Manufacturers and other businesses came into this year with a lot of optimism, particularly given robust growth in the second half of last year. Instead, economic growth has been disappointing year-to-date. A number of significant headwinds have challenged the sector, including a stronger dollar, lower crude oil prices, the residual effects of the West Coast ports slowdown and cautiousness in consumer spending. Much of this can be seen in recent GDP and production figures, which have reflected recent declines in activity, particularly in the first quarter. Read More

Monday Economic Report – June 1, 2015

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Here is the summary for this week’s Monday Economic Report: 

The U.S. economy shrank in the first quarter for the second year in a row, with revised data showing that real GDP declined by 0.7 percent. This was down from an earlier estimate of 0.2 percent growth. Overall, this was a disappointing start to 2015. That is particularly true when you look at the optimism that many businesses had at the start of the year. Yet, manufacturers faced a number of significant headwinds in recent months, including weaknesses abroad, a strong U.S. dollar, lower crude oil prices, the residual effects of the West Coast ports slowdown, bad weather in some regions of the country and a still-cautious consumer. Read More

Conference Board: Consumer Confidence Rebounded a Little in May

By | Economy | No Comments

The Conference Board said that consumer sentiment rebounded a little in May. The Consumer Confidence Index has been quite volatile over the past six months, ranging from a low of 91.0 in November to a high of 103.8 in January (a post-recessionary peak).  Confidence plummeted to 94.3 in April, but it edged somewhat higher to 95.4 in May. On the positive side, Americans are more confident today than they were one year ago (when the index was 82.2), and they were slightly more upbeat for the month. Yet, these data indicate that the public remains anxious about employment and income growth, mirroring softer-than-desired economic data in the early months of this year. Read More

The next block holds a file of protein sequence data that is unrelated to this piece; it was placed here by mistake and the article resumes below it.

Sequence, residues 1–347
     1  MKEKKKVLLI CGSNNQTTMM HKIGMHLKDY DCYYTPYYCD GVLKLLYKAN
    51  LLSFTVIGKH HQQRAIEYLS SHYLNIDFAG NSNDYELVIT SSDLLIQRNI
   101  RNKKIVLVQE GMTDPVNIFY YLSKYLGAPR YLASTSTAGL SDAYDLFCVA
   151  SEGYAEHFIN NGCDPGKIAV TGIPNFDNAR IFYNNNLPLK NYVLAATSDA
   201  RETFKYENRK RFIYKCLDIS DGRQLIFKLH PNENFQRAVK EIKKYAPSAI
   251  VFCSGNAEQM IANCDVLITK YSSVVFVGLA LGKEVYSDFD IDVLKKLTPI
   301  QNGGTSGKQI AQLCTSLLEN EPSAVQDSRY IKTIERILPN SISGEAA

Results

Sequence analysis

Monday Economic Report – May 4, 2015

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Here is the summary for this week’s Monday Economic Report: 

The U.S. economy stagnated in the first quarter, with real GDP growing by just 0.2 percent. This compares to a consensus estimate of 1.1 percent, and it was lower than the 5.0 percent and 2.2 percent growth rates observed in the third and fourth quarters of 2014, respectively. As one might expect from a data point that is just shy of zero, the underlying contributions to growth were mixed. Net exports and government spending were drags on activity in the first quarter, particularly with headwinds from a stronger dollar. Consumer spending on goods and nonresidential fixed investment were also weak, with the latter experiencing sharp declines stemming from the energy market and its supply chain. The bright spots—to the extent that you could call them that—were service-sector spending and a rebound in inventories. Read More